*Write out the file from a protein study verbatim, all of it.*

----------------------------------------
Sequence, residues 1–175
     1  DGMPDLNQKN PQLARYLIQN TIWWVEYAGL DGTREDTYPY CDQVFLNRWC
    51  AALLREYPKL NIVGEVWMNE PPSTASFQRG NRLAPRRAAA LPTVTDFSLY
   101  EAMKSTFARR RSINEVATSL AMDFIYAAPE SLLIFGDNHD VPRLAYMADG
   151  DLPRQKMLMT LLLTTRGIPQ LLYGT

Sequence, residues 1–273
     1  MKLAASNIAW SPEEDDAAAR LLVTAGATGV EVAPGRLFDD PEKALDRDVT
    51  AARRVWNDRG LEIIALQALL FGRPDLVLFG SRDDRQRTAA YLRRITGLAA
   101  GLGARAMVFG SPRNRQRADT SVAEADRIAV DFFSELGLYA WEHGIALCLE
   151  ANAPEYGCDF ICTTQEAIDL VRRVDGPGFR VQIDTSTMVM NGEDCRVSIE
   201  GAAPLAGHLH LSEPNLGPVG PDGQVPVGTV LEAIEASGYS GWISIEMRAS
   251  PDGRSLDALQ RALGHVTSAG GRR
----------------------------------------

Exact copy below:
Sequence, residues 1–175
     1  DGMPDLNQKN PQLARYLIQN TIWWVEYAGL DGTREDTYPY CDQVFLNRWC
    51  AALLREYPKL NIVGEVWMNE PPSTASFQRG NRLAPRRAAA LPTVTDFSLY
   101  EAMKSTFARR RSINEVATSL AMDFIYAAPE SLLIFGDNHD VPRLAYMADG
   151  DLPRQKMLMT LLLTTRGIPQ LLYGT

Sequence, residues 1–273
     1  MKLAASNIAW SPEEDDAAAR LLVTAGATGV EVAPGRLFDD PEKALDRDVT
    51  AARRVWNDRG LEIIALQALL FGRPDLVLFG SRDDRQRTAA YLRRITGLAA
   101  GLGARAMVFG SPRNRQRADT SVAEADRIAV DFFSELGLYA WEHGIALCLE
   151  ANAPEYGCDF ICTTQEAIDL VRRVDGPGFR VQIDTSTMVM NGEDCRVSIE
   201  GAAPLAGHLH LSEPNLGPVG PDGQVPVGTV LEAIEASGYS GWISIEMRAS
   251  PDGRSLDALQ RALGHVTSAG GRR